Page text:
Europe is a continent, and an idea, with an alternately heroic and ignominious past and with what seemed, until recently, to be an enviable present. But does it have a future? The November 13 terrorist attacks in Paris marked the culmination—so far—of a concerted campaign directed mainly at Europeans and orchestrated, or inspired, first by al-Qaeda (Madrid 2004, London 2005) and more recently by the self-proclaimed caliphate based in the Islamic State of Syria and Iraq. The latest round of carnage began with the 2014 attack on the Jewish Museum in Brussels, was stepped up in January of this past year with the Charlie Hebdo and kosher-supermarket massacres in Paris, continued with shootings at a free-speech gathering in Copenhagen and mass assaults on European tourists in Tunisia, followed by explosions in Ankara and Beirut and reaching a crescendo with the multiple attacks in Paris.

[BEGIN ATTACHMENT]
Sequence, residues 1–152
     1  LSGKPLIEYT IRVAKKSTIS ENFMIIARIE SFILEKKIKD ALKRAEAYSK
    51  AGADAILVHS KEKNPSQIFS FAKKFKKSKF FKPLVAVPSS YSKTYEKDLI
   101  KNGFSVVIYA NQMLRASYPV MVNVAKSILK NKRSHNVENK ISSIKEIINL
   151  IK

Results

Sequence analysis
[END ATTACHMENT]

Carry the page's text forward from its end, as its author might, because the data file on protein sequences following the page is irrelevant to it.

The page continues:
Does Europe Have a Future?
It’s both a continent and an idea, with an alternately heroic and ignominious past and, until recently, an enviable present. Can the heart of the West survive the 21st century?